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SwatiC

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  1. .. oy, this seems oddly familiar ... ← Just thought I'd add that this is not to be generalized for all Hindu weddings. In my Bengali Hindu heritage, a wedding dinner is inconceivable without numerous fish courses.
  2. Spaghetttti, is this because the Padang restaurant model is especially successful on a pan-Indonesian scale? I guess what I want to know is, do people generally prefer the Padang style of serving food to say the nasi sets that are commonly served in Javanese food?
  3. Aren't you describing a Rumah Makan Padang? Which is a type of restaurant that serves Padang food which is from Western Sumatra. The dishes are laid out at the table and you only take what you want and pay for what you eat. As far as I know, what distinguishes Sundanese food from other kinds of Indonesian cuisines is the presence of lots of fresh, raw vegetables. This is exemplified by karedok, which is sort of the Sundanese version of gado-gado, with the vegetables raw (not blanched).
  4. Adam, the name in greek is "soupies me spanaki". ← Athinaeos, I wonder if you've ever had a variation of this dish, which I believe is called "soupies me xorta". I had this dish at a tsipouradiko in Volos, and it was possibly the most sublime Greek dish I've ever had. I can make it with spinach like you did, and your dish looks fantastic, but I do wish I knew what xorta they used, so I could take a stab at recreating it.
  5. Sam, thank you so much! The link is absolutely great. I believe the Pish-pash, Country Captain and Jhal Frezee are definitely Anglo-Indian dishes, created by Indian chefs working for English households. A lot of the terminology is Bengali, the use of the word "danta" for stems of greens for instance, "dharrus" for lady's finger (okra) and "bagda chingree" for large prawns. However, some others are in Hindi like "khuttah curree" and "bhajee" and the entire spice list in the beginning of the curry section. I was very puzzled by some of the recipes calling for "tyre" as an ingredient, till I realized that this might be a transliteration of the Tamil "Thayir" meaning yogurt. This might be wild speculation, but the mish-mash of ingredient names and the use of lemongrass (originated in India, but virtually unknown in Indian cooking) makes me wonder if the recipes do not come from a Mog (Mag) cook. During British India, it was very common for the English in Calcutta to employ Mog cooks in their households. Besides the fact that they proved to be excellent cooks, they also had the advantage, being Buddhist, of having no compunction about cooking beef or pork, something that Hindu and Muslim cooks might have objected to. There is some conflict over the ethnic roots of Mogs, but geographically speaking they came from the Chittagong hills on the border of undivided Bengal (now Bangladesh) and Burma. Here's a Hobson-Jobson discussion on the origins of the Mogs: http://bibliomania.com/2/3/260/1280/20117/1/frameset.html And this quote is particularly interesting: 1866.—“That vegetable curry was excellent. Of course your cook is a Mug ?”— The Dawk Bungalow, 389.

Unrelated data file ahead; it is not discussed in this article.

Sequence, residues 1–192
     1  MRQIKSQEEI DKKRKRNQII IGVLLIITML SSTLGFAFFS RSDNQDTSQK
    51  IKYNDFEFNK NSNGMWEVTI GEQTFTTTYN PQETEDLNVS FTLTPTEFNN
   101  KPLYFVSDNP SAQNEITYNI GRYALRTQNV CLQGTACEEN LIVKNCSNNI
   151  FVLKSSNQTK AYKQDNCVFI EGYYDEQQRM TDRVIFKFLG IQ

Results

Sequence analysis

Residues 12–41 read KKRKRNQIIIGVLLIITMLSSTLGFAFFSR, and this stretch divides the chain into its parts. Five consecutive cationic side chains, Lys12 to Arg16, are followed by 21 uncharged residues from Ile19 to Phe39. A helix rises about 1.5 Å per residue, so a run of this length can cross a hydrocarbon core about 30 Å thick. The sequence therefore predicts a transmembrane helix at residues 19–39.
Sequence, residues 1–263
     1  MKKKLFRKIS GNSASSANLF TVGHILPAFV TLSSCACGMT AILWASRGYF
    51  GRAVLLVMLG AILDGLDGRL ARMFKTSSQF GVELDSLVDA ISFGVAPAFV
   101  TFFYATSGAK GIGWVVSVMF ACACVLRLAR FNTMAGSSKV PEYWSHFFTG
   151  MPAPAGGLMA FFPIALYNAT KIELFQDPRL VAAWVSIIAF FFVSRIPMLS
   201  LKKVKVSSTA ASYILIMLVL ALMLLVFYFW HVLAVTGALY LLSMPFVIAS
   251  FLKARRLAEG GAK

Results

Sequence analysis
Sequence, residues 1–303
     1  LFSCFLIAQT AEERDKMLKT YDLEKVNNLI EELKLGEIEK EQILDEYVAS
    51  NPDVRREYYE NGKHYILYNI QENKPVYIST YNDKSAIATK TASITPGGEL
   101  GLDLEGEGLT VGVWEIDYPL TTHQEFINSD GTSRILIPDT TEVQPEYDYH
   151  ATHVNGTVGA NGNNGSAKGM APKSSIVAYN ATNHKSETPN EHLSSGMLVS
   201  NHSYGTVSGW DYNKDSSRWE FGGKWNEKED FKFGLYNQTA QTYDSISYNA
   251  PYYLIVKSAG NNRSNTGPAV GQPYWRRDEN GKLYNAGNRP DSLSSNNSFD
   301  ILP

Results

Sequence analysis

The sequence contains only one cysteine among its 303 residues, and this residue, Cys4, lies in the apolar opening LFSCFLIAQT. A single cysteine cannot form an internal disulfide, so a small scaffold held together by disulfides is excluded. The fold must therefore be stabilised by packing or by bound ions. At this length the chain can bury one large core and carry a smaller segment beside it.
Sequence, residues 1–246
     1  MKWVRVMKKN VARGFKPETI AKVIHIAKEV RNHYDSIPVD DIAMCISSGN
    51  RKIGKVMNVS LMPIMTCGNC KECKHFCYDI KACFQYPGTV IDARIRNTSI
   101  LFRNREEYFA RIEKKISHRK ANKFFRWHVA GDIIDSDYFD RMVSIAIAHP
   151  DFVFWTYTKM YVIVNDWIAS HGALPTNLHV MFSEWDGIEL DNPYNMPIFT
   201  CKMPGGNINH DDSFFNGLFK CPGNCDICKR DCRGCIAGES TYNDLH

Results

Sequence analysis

6. I'd agree with everything that's been said here regarding the lack of a specific Indian take on sushi. However, if you absolutely insist on sushi in India, one of the best places to eat it in Delhi would be The Nikko Metropolitan hotel. The hotel is run by a Japanese company, and a lot of their clientele are Japanese businessmen. Their restaurant Sakura is known as arguably the best sushi restaurant in town. Here's a review: http://www.uppercrustindia.com/6crust/six/restaurant1.htm